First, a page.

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World Cup tourists put strain on Qatar camels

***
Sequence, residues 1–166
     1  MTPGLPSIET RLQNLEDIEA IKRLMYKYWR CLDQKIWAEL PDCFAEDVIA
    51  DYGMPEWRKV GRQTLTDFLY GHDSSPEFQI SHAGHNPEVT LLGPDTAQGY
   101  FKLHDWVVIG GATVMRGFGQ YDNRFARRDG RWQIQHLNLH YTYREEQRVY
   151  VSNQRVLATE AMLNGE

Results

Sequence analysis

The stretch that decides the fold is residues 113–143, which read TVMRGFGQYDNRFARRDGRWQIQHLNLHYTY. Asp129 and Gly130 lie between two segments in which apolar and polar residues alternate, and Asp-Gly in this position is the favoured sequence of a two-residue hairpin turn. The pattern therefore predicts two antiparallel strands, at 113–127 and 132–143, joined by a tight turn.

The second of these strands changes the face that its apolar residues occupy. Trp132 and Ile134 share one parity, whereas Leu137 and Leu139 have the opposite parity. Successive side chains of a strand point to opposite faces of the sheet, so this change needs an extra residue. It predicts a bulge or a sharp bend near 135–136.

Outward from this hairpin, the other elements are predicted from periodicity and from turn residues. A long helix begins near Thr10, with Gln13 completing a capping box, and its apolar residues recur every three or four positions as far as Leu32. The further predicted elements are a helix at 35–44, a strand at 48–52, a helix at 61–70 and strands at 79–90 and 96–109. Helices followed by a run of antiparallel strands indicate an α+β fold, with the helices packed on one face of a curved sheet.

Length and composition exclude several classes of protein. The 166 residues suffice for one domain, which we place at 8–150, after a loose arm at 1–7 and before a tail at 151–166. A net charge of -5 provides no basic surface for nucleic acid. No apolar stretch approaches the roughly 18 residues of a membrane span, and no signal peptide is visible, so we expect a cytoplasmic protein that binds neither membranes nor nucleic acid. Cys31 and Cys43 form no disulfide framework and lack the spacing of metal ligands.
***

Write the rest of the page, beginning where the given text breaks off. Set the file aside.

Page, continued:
SHOTLIST:RESTRICTION SUMMARY:ASSOCIATED PRESS Mesaieed, Qatar - 25 November 20221. Mid of people on camels HEADLINE: World Cup tourists put strain on Qatar camels2. Various of tourists on camels and taking photosANNOTATION: World Cup fans in Qatar are heading to the desert outside Doha to get their perfect Instagram moment: riding a camel in the dunes.3. Tourists waiting in line for their turn to ride a camelANNOTATION: But as Qatar welcomes more than a million fans to the tournament, even the camels are working overtime.4. Camel handler pulling camels with tourists on themANNOTATION: This weekend, hundreds of visitors in soccer uniforms waited for their turn to mount the humpbacked animals.ANNOTATION: Camels that did not get up immediately were forced up by some handlers. But others say the camels need to rest.5. Camel sitting down with tourist on its back6. SOUNDBITE (Arabic) Ali Jaber al Ali, Camel handler:"Everyone wants to ride the camels. A lot of people don't know anything about the camels, they just want to ride the camel. I am the only one with very close contact with the camels so I can tell when they are tired. If they worked hard or I had 30 or 40 people ride them. I am sure they will be tired. I have to give them time to rest and give them water."7. Various of tourists on camelsANNOTATION: Some animals showed their frustration by refusing to get up. When that happens, they say they give them a break and some water.ANNOTATION: Before the World Cup, camel handlers say they had around 20 rides a day, now they're fetching around 1,000.8. Camels walking up sand dune carrying touristsSTORYLINE:World Cup fans arriving in droves to the desert outside Doha were ready for their perfect Instagram moment: riding a camel onto the rolling dunes.As Qatar welcomes more than a million fans for the month-long World Cup, even its camels are working overtime.An influx of visitors in numbers the tiny emirate has never before seen, have rushed to check off a bucket-list of quintessential Gulf tourist experiences: to ride on a camel's back, take a photograph with a falcon and wander through the old market.On a recent Friday afternoon, hundreds of visitors in soccer uniforms or draped in flags waited for their turn to mount the humpbacked animals.Animals that did not rise were forced up by their handlers. One camel let out a loud grunt while a group of Mexican fans played brassy norteño music as they waited.The animals' handlers are also cashing in on a chance to make several times more money than they normally would."Everyone wants to ride and take photos," said Ali Jaber al Ali, a 49-year-old Sudanese camel herder who has lived in Qatar for 15 years.On an average weekday before the World Cup, he might have fetched 20 rides a day. But since the soccer championship started, there had been 500 rides in the morning, followed by another 500 in the evening, al Ali said.He had 20 camels but had to get more to keep up with the demand.Al Ali recognised the need for camels to rest and said he tries to identify when the camel needs a break.Sometimes camels show their frustration by sitting down after getting up or refusing to get up in the first place.When Al Ali sees that, he makes sure to give the animal the break they need before getting them back to work.AP Video Shot by: Lujain Jo ===========================================================Clients are reminded: (i) to check the terms of their licence agreements for use of content outside news programming and that further advice and assistance can be obtained from the AP Archive on: Tel +44 (0) 20 7482 7482 Email: info@aparchive.com(ii) they should check with the applicable collecting society in their Territory regarding the clearance of any sound recording or performance included within the AP Television News service (iii) they have editorial responsibility for the use of all and any content included within the AP Television News service and for libel, privacy, compliance and third party rights applicable to their Territory.

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